I'll soon be working with WattDepot, so this week I've been learning a bit about energy consumption in Hawaii as background.
First, I had to review bit of high school physics regarding the difference between energy and power. Power is rate at which work is done or energy is converted over time. Power is measured in watts. One watt is equal to one joule/second. So a 60W lightbulb burns 60 joules/second.
Energy is... well, energy--the stuff that makes things move, go, change, or happen. It is force applied over a distance. When related to household electricity, it is usually measured in kilowatt-hours, or kWh. One kWh is equal to 3.6 megajoules.
I also learned that Hawaii is in a pretty unique situation when it some to exploring alternate/green energy sources. Our energy on Oahu costs about 30 cents per kWh, which is 3x what it costs on the mainland. (And on the neighbor islands it costs 6x mainland prices!) This is because we rely predominantly (70+%) on shipped oil, whereas the mainland can also rely on nearby coal and natural gas sources. We have a number of small, discrete electrical grids here, rather than the massive interconnected grid that spans much of the mainland. This means we can't buy, sell, or shift extra energy around to neighboring states (or even neighboring islands) as demand shifts. This is fairly inefficient.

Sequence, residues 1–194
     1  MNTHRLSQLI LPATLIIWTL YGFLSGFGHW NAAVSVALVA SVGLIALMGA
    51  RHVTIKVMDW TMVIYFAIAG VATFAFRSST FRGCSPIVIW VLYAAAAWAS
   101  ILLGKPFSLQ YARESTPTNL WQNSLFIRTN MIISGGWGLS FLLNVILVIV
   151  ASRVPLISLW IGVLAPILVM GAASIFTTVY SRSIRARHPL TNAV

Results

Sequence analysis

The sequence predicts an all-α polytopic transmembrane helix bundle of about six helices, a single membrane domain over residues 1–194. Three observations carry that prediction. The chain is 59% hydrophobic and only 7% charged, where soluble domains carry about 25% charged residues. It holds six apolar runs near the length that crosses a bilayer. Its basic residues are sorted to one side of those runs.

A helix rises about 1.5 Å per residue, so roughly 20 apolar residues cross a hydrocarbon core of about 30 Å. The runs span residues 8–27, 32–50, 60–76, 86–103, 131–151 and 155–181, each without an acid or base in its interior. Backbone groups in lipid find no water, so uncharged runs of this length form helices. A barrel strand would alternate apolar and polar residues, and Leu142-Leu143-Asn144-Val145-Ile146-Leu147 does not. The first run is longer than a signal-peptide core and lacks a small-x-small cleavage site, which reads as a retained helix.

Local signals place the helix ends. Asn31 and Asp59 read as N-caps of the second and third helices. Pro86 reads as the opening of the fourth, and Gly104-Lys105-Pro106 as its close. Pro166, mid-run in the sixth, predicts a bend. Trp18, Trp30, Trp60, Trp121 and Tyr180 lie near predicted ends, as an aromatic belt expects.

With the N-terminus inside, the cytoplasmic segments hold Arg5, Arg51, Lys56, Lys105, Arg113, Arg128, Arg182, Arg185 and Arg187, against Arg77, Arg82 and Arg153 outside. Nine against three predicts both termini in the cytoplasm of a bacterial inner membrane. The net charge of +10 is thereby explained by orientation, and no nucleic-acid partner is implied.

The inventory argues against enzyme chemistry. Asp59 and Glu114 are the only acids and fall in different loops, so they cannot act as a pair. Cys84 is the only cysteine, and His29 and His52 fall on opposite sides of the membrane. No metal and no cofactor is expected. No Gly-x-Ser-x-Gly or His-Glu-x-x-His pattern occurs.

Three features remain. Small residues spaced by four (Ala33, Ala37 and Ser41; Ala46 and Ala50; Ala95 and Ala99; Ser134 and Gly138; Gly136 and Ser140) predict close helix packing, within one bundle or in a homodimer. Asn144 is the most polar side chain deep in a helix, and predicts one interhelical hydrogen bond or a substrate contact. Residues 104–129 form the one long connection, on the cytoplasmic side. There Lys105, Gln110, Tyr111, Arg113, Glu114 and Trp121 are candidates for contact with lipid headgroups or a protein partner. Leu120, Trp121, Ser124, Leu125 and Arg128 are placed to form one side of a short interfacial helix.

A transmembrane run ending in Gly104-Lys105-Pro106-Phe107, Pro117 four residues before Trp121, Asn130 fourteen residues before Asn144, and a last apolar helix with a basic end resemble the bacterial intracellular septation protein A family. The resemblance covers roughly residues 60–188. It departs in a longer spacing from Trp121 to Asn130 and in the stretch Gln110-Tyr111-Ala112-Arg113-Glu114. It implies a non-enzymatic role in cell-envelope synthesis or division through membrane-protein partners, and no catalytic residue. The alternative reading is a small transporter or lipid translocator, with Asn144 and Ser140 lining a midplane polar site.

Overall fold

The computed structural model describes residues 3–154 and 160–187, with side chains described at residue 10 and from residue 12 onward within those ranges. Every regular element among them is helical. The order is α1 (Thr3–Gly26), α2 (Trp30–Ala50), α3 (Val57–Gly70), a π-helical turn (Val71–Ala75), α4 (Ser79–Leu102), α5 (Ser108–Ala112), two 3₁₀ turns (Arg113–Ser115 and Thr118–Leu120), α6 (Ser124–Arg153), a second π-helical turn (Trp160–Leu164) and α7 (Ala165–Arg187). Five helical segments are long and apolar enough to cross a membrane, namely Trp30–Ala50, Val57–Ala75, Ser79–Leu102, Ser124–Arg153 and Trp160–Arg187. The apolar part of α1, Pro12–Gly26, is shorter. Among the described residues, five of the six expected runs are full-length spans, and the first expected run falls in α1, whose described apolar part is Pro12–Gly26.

But, on the bright side, this expensive energy means that alternative energy sources may be more attractive here in Hawaii than they would be on the mainland. The Hawaii Clean Energy Initiative has also mandated that 70% of Hawaii's energy come from clean sources by 2030. To our benefit, we have nearly every kind of potential renewable energy source here: wind, solar, waves and tidal motion, hydrothermal, and geothermal sources.
Data about current energy use and how this usage will be affected by alternative sources will be essential. This information can also provide feedback to end-users to help them reduce their consumption, which is also an important goal. There is currently some interesting research going on at the University of Hawaii regarding smart sensors and tracking current use... which brings us back to WattDepot. It is currently being used to track energy use in some of the UH dorms.
I'll be learning more about the specifics of WattDepot this week. Check back again soon for more info!